The properties of the overall galaxy pair samples have beendisplayed in the released SDSS data (Ellison et al.2010), including projected and angular separation, relativevelocities (Δυ), stellar mass ratio, and redshift. We present polynomial curve fitting formulae, which we used to construct the distribution function of galaxy pairs (see Figs. 1 and 2 of Ellison et al. 2010), which approximate the evolution of SMBHs for a wide range of mass M(108 − 1012   M) and stellar environment log Σ( − 1.4 − 1.4   Mpc-2). In our Fig. 3 (see panels (a) − (g)) we give the fitting curves of the physical properties for the galaxy pair sample using these released SDSS data.

  • (ii)

    The star formation rate (SFR) is taken to be constant in the simulation (Ellison et al. 2008).

  • (iii)

    According to the derivation of the black hole mass function (BHMF) at low redshift (Tamura et al. 2006), a simple polynomial curve fitting approximation of BHMF is also used in panel (h) of Fig. 3.

  • (iv)

    We assumed that the merger rate of nearby (z < 0.1) galaxy pairs is 0.2 yr-1 in the phase of coalescence with a chirp mass of 1010   M.

To construct the SMBH systems, other parameters used in the typical SMBH binary formation in this work are given as follows.

  • (i)

    The correlation between the massMBH of the BH and the velocity dispersion σ is given by (Tremaine et al. 2002) (14)where σ0 = 200   km   s-1, α = 8.13 and β = 4.02.

  • (ii)

    For the BH mass and the luminosity relation, we adopted the B-band relation described by (Bell et al. 2004) (15)

  • (iii)

    A gravitational potential in a galaxy includes the bulge, disk, and halo potentials. The disk and bulge potentials are derived from (Miyamoto & Nagai 1975) (16)where R and z are the galaxy center coordinate parameters and . The index i corresponds to bulge and disk. The halo potential is given as (Paczynski 1990) (17)

A more detailed description of the parameters in Eqs. (16) and (17) can be found in Sect. 2 of Paczynski (1990). We obtained the eccentricity of the SMBH samples from the random number (e = x,0 ≤ x ≤ 1). Throughout this paper, we adopted the cosmological model with H0 = 70   km   s-1   Mpc-1, ΩM = 0.3 and ΩΛ = 0.7.

thumbnail Fig. 4

Strain amplitude of GW radiation variation with time. The symbol “A” represents the average value position of the summed GW strain in each bin. The dotted line (log h =  −15) marks the highest sensitivity of SKA.

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3. Results

With a BPS simulation we obtained a series of SMBHB systems from a sample of 1 million initial SMBHBs. Based on the sensitivity curves of the PTA and SKA detectors (Yardley et al. 2010), we created the time series for the source signals and added the individual time series of the calculated sources to produce the total data stream. Similar calculations of the GW signal analysis combined with a GW detector can be found in Sesana et al. (2008), Liu (2009), and Ruiter et al. (2010).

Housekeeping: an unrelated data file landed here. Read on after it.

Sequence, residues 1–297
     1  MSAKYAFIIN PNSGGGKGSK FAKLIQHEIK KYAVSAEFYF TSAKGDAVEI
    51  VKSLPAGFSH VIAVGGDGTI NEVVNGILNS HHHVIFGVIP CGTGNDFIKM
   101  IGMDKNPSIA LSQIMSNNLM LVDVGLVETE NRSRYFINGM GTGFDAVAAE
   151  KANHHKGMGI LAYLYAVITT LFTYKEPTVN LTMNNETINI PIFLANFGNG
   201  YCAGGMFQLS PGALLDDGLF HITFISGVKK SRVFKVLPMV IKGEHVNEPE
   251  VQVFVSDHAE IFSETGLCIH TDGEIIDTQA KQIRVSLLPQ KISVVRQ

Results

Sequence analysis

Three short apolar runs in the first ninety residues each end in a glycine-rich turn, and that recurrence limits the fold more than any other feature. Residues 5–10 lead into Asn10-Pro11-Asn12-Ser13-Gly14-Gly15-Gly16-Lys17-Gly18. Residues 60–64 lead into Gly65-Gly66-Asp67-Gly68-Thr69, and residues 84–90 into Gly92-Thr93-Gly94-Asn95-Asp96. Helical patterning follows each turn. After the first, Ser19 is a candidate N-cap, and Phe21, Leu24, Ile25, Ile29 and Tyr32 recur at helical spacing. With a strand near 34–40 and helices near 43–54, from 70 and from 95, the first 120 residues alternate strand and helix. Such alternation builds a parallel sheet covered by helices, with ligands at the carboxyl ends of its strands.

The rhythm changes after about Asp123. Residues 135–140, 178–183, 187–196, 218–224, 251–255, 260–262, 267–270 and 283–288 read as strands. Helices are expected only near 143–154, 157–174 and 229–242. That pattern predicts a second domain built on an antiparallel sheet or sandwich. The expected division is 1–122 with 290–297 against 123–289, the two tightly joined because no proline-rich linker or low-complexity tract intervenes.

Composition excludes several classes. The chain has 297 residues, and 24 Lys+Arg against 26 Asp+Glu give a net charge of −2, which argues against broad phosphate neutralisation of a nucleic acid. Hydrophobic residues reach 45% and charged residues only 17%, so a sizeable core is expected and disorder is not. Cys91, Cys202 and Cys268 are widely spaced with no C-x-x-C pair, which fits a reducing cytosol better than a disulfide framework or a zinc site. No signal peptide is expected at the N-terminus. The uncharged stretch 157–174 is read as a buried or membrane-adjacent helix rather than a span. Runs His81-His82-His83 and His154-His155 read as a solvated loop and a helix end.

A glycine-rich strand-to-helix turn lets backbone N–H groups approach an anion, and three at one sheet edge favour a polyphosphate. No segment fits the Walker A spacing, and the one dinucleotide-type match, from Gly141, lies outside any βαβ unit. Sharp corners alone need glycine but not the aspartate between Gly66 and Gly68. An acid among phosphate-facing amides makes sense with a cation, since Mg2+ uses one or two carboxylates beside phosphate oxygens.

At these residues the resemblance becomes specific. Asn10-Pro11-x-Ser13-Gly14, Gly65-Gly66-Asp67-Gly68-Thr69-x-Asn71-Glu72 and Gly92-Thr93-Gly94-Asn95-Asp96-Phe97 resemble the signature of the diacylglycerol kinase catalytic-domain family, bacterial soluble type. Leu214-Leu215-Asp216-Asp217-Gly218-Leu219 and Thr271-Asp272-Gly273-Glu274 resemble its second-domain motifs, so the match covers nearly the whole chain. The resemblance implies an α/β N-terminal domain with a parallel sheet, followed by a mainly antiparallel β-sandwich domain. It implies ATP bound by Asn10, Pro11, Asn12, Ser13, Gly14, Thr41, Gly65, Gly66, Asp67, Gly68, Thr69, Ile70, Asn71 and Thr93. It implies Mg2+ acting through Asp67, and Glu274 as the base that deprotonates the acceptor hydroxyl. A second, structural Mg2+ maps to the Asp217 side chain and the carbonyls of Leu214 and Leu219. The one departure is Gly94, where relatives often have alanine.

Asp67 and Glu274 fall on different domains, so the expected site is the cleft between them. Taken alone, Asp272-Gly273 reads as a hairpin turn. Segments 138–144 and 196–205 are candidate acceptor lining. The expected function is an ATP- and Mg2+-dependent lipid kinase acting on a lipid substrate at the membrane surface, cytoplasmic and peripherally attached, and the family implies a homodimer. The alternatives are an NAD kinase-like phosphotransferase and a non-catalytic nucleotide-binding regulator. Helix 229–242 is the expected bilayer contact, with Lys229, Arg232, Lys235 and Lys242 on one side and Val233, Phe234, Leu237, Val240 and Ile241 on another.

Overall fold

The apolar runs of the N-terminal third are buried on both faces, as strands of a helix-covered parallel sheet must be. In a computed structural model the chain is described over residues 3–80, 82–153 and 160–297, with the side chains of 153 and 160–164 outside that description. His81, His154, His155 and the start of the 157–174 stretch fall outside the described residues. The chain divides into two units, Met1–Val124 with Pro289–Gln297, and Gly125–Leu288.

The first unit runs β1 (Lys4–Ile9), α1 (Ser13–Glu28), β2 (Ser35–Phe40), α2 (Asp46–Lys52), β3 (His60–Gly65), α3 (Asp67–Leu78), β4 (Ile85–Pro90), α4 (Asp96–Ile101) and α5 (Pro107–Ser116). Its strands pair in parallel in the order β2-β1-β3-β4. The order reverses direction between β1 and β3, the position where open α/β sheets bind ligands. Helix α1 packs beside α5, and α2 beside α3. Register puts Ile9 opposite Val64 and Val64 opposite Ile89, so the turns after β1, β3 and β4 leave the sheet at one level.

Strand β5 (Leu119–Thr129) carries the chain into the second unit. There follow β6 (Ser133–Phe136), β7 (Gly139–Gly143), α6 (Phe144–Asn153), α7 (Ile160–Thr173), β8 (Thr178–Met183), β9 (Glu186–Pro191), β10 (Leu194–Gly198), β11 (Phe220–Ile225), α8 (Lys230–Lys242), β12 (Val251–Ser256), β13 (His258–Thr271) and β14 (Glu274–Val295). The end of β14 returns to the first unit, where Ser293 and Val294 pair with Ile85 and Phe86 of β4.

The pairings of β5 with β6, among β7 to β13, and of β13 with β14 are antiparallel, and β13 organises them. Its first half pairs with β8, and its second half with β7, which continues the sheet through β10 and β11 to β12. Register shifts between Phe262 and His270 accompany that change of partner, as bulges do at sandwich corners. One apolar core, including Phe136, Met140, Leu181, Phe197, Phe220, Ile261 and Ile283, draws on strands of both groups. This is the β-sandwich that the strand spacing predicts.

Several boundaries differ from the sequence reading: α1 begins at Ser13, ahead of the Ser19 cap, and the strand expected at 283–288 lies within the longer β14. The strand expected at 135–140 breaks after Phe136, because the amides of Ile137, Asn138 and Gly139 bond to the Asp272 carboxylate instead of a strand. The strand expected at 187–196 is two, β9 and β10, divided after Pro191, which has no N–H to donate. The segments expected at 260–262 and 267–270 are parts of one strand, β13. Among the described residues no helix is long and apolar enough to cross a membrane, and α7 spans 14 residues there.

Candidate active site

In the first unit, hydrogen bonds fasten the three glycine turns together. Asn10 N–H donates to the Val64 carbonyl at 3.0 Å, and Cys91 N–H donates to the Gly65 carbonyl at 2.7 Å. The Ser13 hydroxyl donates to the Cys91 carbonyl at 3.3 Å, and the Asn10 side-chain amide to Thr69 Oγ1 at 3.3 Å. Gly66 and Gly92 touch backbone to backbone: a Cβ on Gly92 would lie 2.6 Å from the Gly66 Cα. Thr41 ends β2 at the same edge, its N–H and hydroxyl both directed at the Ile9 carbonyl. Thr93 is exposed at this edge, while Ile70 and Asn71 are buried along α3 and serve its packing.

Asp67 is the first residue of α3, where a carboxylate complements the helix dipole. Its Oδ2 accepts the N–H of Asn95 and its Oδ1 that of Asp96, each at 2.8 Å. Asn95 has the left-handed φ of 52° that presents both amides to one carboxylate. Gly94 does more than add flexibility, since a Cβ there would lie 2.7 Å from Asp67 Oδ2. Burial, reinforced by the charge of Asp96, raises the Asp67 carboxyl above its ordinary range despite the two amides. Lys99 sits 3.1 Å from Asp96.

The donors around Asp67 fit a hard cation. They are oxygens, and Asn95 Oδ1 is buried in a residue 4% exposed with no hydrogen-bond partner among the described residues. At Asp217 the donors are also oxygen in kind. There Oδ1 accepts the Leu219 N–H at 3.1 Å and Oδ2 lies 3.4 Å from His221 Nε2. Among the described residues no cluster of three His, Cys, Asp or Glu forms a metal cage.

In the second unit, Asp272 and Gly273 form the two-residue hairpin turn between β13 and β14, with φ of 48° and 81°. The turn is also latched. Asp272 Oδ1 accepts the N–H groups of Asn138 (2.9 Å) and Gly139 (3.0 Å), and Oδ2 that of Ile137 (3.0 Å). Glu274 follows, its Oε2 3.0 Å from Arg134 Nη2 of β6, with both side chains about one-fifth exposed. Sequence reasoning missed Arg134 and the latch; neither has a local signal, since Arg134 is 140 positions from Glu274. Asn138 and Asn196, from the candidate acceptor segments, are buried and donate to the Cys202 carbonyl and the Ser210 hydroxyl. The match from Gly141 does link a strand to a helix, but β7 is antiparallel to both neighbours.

Figures 4 and 5 show the variation of the strain amplitude and luminosity with time from the GW radiation of SMBHs during a long time observation (e.g. 20 years) in our Monte Carlo simulations. These tendency changes over time reveal that the GW signals obtained by current and planned detectors should be variable events. They will likely detect two higher GW radiation signals around 2020 and 2032, which is consistent with the predicted time of optical bursts of a merging galaxy (such as OJ287, Valtonen 2007). This is because we adopted a precession of orbital evolution of OJ287 as our orbital evolutionary model to investigate the orbital track changes caused by GW radiation in the simulations. In other words, according to our descriptions in Sect. 2, the maximum outbursts of GW radiation and the optical outburst are happening at the exact time when the secondary BH crashes the periastron of the primary BH.

Figure 4 shows that the strain amplitude of GW radiation in the range of 4 × 10-17 to 7 × 10-14 will be detected by the SKA detector (Yardley et al. 2010). From Fig. 5 we can see that our calculated MBHB samples can radiate a high luminosity due to GWs of between  ~1 × 1048 and 1051 erg s-1, which possibly means that the influence of GW dominates the total energy loss of the galaxy pairs in the early phase of coalescence. Meanwhile, this variation of the strain amplitude or luminosity with time maybe provides an indirect evidence for a GW. Especially using 20 years of observational time, the pulsar timing measurements will confirm a period variation in residual data.

thumbnail Fig. 5

Similar to Fig. 4, but for the luminosity variation of GW radiations with time.

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thumbnail Fig. 6

Strain amplitude h as a function of the frequency for the BPS simulations of individual resolvable MBHBs. The gray scale gives the density distribution of the resolvable systems. Other lines are cited by the sensitivity studies (Sesana et al. 2008; Yardley et al. 2010) using the PTA detector.